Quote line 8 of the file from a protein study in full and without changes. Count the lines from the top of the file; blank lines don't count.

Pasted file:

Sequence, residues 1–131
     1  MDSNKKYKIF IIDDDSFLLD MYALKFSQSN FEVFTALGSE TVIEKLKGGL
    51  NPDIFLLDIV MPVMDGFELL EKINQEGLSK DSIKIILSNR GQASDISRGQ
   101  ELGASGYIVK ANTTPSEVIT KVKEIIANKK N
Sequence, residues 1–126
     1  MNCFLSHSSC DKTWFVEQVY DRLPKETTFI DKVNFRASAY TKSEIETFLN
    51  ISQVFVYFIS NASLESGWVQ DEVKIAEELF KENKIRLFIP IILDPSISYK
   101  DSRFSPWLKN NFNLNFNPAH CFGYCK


   101  DSRFSPWLKN NFNLNFNPAH CFGYCK